Abstract

Tenure occupies an important place in the mind of any new teacher. During the past survey year, the Kentucky courts have demonstrated that this status is not only important to teachers generally; it is essential to continued job security. The aegis of tenure provides not only the substance of teachers’ rights but also the procedure used to protect those rights.

Discharged teachers have alleged violations of the 14th amendment of the U.S. Constitution in both its equal protection and due process aspects and violations of the Kentucky constitution. However, in each instance the courts have summarily dismissed these claims, preferring instead to confirm the legislative tenure scheme as a judicial touchstone and a teacher's sole shield.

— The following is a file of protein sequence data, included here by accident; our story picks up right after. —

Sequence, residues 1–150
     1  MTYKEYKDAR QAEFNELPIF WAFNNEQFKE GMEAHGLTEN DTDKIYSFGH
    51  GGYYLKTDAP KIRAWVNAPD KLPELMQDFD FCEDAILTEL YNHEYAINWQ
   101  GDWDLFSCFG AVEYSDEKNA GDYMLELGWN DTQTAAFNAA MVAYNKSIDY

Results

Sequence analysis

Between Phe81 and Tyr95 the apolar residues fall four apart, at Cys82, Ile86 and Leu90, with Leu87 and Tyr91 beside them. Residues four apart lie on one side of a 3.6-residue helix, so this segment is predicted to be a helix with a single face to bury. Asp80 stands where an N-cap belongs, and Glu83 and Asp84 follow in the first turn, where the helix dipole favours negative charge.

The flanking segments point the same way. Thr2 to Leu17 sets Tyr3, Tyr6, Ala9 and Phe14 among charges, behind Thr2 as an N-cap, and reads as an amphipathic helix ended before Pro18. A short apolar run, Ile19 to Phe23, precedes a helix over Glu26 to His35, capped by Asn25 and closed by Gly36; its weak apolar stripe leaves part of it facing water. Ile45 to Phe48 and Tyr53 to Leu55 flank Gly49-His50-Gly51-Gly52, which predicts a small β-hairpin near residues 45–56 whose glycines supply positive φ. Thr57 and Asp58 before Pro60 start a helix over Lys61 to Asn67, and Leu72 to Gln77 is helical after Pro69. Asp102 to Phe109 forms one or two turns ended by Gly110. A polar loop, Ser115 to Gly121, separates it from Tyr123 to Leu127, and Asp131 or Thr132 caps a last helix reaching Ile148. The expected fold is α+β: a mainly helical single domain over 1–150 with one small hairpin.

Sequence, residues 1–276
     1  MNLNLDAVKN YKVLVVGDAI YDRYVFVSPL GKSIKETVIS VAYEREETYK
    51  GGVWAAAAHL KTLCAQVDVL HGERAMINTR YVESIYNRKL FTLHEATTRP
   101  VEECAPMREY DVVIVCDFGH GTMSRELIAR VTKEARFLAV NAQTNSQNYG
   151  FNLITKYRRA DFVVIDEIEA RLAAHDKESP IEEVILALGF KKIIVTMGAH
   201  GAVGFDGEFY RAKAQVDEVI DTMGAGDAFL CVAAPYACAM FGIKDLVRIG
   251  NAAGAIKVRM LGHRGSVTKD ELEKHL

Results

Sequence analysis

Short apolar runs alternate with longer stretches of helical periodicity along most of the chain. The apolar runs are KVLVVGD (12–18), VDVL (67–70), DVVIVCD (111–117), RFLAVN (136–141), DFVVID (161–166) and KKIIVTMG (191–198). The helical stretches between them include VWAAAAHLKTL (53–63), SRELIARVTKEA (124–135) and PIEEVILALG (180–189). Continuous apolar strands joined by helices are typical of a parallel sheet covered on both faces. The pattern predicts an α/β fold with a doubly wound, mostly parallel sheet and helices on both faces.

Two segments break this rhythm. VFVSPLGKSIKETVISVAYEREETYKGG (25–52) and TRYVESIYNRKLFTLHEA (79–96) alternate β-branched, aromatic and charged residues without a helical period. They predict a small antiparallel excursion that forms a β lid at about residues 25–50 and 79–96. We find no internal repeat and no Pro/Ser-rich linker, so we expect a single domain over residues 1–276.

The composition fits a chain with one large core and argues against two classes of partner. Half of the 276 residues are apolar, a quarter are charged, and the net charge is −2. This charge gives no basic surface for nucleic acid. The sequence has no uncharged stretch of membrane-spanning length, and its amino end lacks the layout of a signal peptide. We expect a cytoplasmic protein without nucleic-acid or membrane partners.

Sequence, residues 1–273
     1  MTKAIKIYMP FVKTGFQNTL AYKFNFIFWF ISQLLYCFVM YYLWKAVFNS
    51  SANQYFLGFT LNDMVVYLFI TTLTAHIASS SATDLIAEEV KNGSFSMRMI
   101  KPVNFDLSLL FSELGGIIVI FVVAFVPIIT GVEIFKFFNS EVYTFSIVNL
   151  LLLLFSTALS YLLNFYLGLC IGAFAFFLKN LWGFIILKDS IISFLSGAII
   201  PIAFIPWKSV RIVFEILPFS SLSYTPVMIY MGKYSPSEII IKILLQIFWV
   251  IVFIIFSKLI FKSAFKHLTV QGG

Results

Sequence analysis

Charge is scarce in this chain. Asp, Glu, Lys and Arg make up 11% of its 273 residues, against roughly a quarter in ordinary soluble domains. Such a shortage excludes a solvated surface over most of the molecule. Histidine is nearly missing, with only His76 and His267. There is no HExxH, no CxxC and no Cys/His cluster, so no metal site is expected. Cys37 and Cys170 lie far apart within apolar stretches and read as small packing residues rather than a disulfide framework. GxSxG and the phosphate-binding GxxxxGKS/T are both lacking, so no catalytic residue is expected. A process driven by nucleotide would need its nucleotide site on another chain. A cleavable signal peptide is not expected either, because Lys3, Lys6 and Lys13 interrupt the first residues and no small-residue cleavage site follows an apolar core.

This article will survey the past year's developments in the Kentucky case law concerning: (1) statutory due process for tenured-teachers and administrators; (2) the status of non-tenured teachers; and (3) employee unionization in an education context.

Document Type

Article

Publication Date

1979

Notes/Citation Information

Kentucky Law Journal, Vol. 67, No. 3 (1978-1979), pp. 721-738

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